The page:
I get quite a few queries from people asking about how they should construct normative databases with which to compare their measurements. The first question to address is what you want the normative database for. As you’ll read in my book or in a paper that has just been accepted for Gait and Posture (based on the paper I presented at GMCAS last year) I’m not convinced by the traditional arguments that we all have different ways of doing things and that we need to compensate for this by comparing clinical data to our own normative data. The whole history of measurement science, which really started at the time of the French revolution, has been about standardisation and the need to make measurements the same way. I don’t see any reason why gait analysts should be allowed to opt out of this.
I’d suggest that the main reason for collecting normative data should be to demonstrate that our measurement procedures are similar to those used in other labs rather than to make up for the idiosyncrasies that have developed for whatever reasons. Our paper shows that there are very small differences in normative data from two of the best respected children’s gait analysis services on different sides of the planet (Gillette Children’s Speciality Healthcare in Minneapolis and the Royal Children’s Hospital in Melbourne). The paper should be available electronically very soon (a couple of weeks) and will include the two normative datasets (mean and standard deviations) for others to download and compare with.
There are two important elements for comparison. Differences between the mean traces of two normative datasets will represent a combination of systematic differences between the participants and between the measuring techniques in different centres. If you find large differences here you should compare detailed description of your technique with that from the comparison centre and try and work towards more consistent techniques. Differences in the standard deviations represent differences in variability in the participants and in the measurement techniques. High standard deviations are likely to represent inconsistent measurement techniques within a given centre and require work within the centre to try and reduce this.
Having defined why we want to collect the data you can then think about how to design the dataset. The most obvious question is how many participants to include? The 95% confidence limits of the mean trace are very close to twice the standard error of the mean which is the standard deviation divided by the the square root of the sample size. I’ve plotted this on the figure below (the blue line). Thus if you want 95% confidence that your mean is within 2° of the value you have measured you’ll need just under 40 in the sample. If you want to decrease this to 1° you’ll need to increase the number to about 130. I’d suggest this isn’t a very good return for the extra hassle in including all those extra people.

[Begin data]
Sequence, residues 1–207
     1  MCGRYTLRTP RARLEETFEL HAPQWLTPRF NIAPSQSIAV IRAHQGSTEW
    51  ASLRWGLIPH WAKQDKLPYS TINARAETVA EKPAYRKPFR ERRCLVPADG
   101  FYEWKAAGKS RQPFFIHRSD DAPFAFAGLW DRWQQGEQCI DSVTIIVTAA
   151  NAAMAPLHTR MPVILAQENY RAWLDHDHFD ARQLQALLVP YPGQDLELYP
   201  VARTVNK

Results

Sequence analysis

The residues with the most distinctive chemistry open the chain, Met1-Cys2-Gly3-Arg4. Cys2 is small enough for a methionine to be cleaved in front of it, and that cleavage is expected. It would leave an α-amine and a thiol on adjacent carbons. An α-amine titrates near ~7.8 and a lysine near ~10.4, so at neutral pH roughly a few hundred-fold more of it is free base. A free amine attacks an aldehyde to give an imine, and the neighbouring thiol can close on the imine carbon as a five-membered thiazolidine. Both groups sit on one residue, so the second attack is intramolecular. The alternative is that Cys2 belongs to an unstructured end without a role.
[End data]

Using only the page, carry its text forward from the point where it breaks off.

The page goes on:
Calculating confidence limits on the standard deviations is a little different (but not a great deal more complicated) because they are drawn from a chi-distribution rather than a normal distribution (see Stratford and Goldsmith, 1997). We’re not really interested in the lower confidence limit (how consistent our measurements might be in a best case scenario) but on the upper confidence limit (how inconsistent they might be in the worst case). We can plot a similar graph (based on the true value of the standard deviation being 6°). It is actually quite similar to the mean with just over 30 participants required to have 95% confidence that the actual SD is within 2 degrees of the measured SD and just under a hundred to reduce this to 1°.
In summary aiming to have between 30 and 40 people in the normative dataset appears to give reasonably tight confidence intervals on your data without requiring completely impractical numbers for data collection. You should note from both these curves that if you drop below about 20 participants then there is quite high potential that your results will not be representative of the population you have sampled from.
That’s probably enough for one post – I’ll maybe address some of the issues about the population you should sample from in the next post.
Just a note on the three day course we are running in June. Places are filling up and if you want to book one you should do so soon.
Stratford, P. W., & Goldsmith, C. H. (1997). Use of the standard error as a reliability index of interest: An applied example using elbow flexor strength data. Physical Therapy, 77, 745-750.
Thanks for the blog –just a quick thought on this thread. I think we can all see the benefits of measurement standardisation – to repeat an example I have heard you use previously, it would not be acceptable if a pint served in one pub was smaller than the agreed volume in all other pubs. However I think Gait Analysis is more complex than a simple measurement – a better comparison might be forecasting the weather. Here standardised measurements such as temperature and air pressure (akin to marker positions and reaction forces) have to be modelled into the forecast (akin to joint kinematics and kinetics in this analogy).
In both weather forecasting and gait analysis, it seems to me that standardising the measurements is good science, but surely standardising the modelling would have hindered developments such as moves away from the conventional gait marker-set to reduce STA, or the use of functional joint centres to improve kinetic joint calculations.
As these refinements to the process are slowly published and accepted by the community, isn’t it inevitable that different labs will adopt different models at different times, and in this context do you not think that the traditional justification for having a local normative data holds true?